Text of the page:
One man is being called a hero after he rescued several children from an apartment fire in West Lebanon, New Hampshire.
Devin Issacs said that he received a knock on his apartment door around 1:50 a.m. Friday from his neighbor repeatedly yelling," My babies!"
Issacs said he was met with smoke as he approached the door. " Flames were coming all the way up the wall in the kitchen," he said.
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It was at that moment that his instincts kicked in.
"I knew there was kids involved and I promised her that I would get them out," he said.
"I grabbed [the toddler] and pushed her out," Issacs said. "The upstairs neighbor grabbed her, put her in the stroller and then my girlfriend pushed her out."
After Issacs got the toddler to safety, he grabbed the infant with the help of a neighbor who propped the door open for him.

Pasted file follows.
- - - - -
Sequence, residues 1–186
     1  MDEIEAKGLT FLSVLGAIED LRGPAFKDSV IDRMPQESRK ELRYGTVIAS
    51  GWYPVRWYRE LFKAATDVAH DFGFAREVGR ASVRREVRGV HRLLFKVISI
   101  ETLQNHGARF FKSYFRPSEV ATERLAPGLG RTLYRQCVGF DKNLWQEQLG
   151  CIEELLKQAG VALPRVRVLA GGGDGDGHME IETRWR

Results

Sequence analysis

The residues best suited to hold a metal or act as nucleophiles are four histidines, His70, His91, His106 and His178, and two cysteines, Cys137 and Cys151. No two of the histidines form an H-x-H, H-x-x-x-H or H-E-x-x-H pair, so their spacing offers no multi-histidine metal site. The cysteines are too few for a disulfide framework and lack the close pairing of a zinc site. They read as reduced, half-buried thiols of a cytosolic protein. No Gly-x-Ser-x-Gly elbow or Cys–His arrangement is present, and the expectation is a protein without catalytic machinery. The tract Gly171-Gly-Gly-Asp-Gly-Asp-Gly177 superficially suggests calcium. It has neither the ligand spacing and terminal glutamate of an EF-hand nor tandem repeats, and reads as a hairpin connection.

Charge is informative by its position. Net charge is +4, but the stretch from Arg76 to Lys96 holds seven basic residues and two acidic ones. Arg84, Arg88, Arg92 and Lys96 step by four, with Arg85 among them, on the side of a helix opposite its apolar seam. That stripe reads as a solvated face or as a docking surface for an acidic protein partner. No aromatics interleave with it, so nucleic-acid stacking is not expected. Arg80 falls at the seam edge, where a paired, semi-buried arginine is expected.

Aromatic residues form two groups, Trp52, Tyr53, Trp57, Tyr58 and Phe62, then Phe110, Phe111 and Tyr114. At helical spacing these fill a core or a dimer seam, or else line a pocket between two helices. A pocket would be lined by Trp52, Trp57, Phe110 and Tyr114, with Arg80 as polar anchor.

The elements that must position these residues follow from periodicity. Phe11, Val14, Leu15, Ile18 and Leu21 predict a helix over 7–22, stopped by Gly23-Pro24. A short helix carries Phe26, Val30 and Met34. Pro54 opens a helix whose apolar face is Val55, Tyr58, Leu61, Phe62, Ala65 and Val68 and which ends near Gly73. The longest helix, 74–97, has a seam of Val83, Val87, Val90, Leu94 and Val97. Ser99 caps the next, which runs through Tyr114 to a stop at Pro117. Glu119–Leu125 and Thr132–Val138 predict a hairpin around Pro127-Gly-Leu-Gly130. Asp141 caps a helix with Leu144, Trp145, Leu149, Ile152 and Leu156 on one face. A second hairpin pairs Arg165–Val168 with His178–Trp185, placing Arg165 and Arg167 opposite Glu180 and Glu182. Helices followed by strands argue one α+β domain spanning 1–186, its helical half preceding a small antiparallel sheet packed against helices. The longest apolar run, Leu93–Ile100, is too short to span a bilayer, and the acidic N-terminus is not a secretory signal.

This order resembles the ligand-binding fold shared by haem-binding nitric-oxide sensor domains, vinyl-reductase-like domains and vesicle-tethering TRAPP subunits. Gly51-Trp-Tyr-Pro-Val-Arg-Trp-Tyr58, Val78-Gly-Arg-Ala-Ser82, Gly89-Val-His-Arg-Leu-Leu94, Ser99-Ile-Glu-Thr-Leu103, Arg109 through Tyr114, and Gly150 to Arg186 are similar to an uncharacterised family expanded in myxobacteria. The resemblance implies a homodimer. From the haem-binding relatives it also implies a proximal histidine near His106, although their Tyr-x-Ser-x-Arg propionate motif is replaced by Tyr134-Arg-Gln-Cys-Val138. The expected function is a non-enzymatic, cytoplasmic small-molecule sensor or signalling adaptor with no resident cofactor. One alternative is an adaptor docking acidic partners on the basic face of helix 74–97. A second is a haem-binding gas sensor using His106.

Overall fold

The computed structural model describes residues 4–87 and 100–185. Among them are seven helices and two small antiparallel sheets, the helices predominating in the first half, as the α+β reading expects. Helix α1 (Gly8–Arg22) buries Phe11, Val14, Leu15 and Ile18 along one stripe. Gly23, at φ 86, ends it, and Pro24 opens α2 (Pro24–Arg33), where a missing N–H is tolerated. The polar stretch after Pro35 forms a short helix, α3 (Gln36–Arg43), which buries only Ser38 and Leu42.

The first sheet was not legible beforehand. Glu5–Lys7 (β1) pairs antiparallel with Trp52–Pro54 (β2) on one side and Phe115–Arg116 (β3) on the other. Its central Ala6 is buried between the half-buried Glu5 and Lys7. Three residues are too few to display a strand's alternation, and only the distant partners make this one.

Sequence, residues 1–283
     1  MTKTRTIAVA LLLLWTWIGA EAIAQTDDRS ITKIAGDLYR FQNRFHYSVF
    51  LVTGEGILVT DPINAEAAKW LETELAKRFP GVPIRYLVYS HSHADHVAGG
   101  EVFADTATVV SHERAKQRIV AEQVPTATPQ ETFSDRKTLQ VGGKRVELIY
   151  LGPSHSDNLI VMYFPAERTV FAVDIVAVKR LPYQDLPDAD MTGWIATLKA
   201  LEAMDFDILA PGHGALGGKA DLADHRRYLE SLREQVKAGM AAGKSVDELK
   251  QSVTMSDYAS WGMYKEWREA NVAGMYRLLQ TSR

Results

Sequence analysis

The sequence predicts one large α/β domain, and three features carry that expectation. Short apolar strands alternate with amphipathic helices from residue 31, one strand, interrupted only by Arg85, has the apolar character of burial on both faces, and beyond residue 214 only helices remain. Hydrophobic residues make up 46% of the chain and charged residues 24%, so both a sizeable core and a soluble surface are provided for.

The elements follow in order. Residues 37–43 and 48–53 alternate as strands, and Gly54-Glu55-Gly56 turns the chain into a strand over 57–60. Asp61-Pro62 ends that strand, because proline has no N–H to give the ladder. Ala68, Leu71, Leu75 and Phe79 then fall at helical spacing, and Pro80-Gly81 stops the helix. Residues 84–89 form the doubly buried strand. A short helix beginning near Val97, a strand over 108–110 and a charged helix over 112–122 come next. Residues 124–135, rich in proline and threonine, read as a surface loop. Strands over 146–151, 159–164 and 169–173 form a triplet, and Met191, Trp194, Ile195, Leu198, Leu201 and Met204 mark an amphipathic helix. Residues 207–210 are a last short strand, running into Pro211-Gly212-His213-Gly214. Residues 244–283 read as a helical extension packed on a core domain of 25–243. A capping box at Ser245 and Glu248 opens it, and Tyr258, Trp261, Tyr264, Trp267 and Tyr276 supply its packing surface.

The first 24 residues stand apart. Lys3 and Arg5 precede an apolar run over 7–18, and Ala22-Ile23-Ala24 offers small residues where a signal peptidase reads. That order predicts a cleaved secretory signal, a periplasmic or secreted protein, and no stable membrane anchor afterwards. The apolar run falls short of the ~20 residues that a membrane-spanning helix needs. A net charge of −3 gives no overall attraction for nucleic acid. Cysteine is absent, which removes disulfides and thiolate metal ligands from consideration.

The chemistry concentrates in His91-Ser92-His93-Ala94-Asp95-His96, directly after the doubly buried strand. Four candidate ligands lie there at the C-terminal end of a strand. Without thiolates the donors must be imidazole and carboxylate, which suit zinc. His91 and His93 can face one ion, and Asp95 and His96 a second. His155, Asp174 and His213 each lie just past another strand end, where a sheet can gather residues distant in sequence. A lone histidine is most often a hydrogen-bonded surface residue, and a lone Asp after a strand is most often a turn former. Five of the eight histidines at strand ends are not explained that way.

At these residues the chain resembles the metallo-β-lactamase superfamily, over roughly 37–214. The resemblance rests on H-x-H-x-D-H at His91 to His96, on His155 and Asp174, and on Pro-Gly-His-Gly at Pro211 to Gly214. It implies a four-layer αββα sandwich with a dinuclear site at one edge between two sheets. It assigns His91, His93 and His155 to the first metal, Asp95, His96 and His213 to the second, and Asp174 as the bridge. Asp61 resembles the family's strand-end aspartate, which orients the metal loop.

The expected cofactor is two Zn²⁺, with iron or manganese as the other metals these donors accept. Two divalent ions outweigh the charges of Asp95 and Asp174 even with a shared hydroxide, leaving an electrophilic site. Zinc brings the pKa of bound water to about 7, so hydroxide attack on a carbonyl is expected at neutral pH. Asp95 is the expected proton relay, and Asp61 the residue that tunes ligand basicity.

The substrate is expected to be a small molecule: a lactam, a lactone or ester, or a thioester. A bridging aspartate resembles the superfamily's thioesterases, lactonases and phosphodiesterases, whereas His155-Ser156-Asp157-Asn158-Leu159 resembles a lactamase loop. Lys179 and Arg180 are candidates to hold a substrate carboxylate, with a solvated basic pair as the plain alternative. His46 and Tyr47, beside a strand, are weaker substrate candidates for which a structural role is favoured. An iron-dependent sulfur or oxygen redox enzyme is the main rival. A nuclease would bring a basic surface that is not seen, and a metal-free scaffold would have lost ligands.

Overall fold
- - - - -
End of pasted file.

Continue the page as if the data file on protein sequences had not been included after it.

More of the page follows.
"I bear crawled in and then got the baby out," Issacs said.
The fire engulfed the kitchen, leaving the unit destroyed. "It's significant damage back to the studs, so quite a bit of work that needs to be done there before that unit's habitable again," said Andrew Winter, Executive Director of Twin Pines Housing.
Smoke from the fire spilled over into the other three units in the building, doing enough damage to leave all of the residents displaced.
Smoke alarms signaled the Lebanon Fire Department to the scene. Fire Chief Chris Christopoulos said that in total, there were about 20 fire fighters from their department, Hanover, Enfield, and a Hartford, Vermont station.
Eight residents were transported to Dartmouth-Hitchcock Medical Center, and have since been released.
"It's a great thing and I applaud [Issacs] for doing it, but on the other side of it, we want to caution people," said Christopoulos, who urged caution to any bystander running back into a burning building. He reminded the public that doing so can make someone a victim as well. However, Issacs said he would do it all over again.
"Houses can be replaced," Issacs said. "Lives can't."
Christopoulos said there has not been a cause determined for the fire yet, but officials do not believe it is suspicious.
The Red Cross is working with Twin Pines Housing to get the displaced residents shelter until they are able to return to their units.